The strategies males and females use to influence the paternity of their offspring place them in direct conflict both before and after copulation (Andersson 1994; Eberhard 1996; Simmons 2001; Arnqvist and Rowe 2005). Males can enhance their reproductive success by gaining more mates and by having highly competitive sperm in order to increase the number of offspring they sire (Jennions and Petrie 2000). Because quality varies among males, however, each potential sire offers different benefits to females and their offspring. Therefore, females should only mate with, or use the sperm from, the best male to fertilize their eggs and maximize their reproductive success (Jennions and Petrie 2000). This higher number of females mated with males is a widely recognized source of sexual conflict. Disentangling the relative importance of precopulatory and postcopulatory processes is vital to understanding how sexual conflict affects males and females as they attempt to control fertilization events (Uller and Olsson 2008).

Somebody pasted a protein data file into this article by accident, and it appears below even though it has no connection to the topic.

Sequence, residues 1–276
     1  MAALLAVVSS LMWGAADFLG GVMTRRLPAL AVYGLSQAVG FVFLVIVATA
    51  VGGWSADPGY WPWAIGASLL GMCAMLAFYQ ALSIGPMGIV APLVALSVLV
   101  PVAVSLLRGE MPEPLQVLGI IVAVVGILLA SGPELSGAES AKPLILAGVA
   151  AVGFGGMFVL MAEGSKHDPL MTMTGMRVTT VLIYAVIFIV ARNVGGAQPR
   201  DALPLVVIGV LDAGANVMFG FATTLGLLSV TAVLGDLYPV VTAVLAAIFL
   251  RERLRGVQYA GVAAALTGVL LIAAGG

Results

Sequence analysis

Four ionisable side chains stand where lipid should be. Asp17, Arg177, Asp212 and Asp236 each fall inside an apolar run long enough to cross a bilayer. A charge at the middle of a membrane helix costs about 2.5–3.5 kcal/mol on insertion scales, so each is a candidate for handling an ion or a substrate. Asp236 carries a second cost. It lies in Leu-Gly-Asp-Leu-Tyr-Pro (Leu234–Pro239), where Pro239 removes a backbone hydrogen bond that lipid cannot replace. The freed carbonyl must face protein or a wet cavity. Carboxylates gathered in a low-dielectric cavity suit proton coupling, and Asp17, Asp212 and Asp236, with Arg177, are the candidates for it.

Males in many species may compete for mates directly through contest competition or, more subtly, by adopting alternate reproductive tactics (ARTs) such as female mimicry (Shine et al. 2000; Whiting et al. 2009) or sneaking (Hanlon et al. 2005; Emlen 2008). Males that display dominance behavior may limit the opportunity of other males to mate with females by either controlling space in the form of a territory or by guarding one or more females directly. In many species, large males display dominance social behavior, thereby securing more matings, and this is a common phenomenon among lizards (Olsson and Madsen 1998; Gullberg et al. 2003; Tokarz 2008). Under such circumstances, smaller males may adopt condition-dependent ARTs. Alternate reproductive tactics also may evolve through frequency-dependent selection and become fixed if they are coupled with different behavioral strategies and phenotypes, such as in the case of the “rock–paper–scissors” game in the lizard Uta stansburiana (Sinervo and Lively 1996).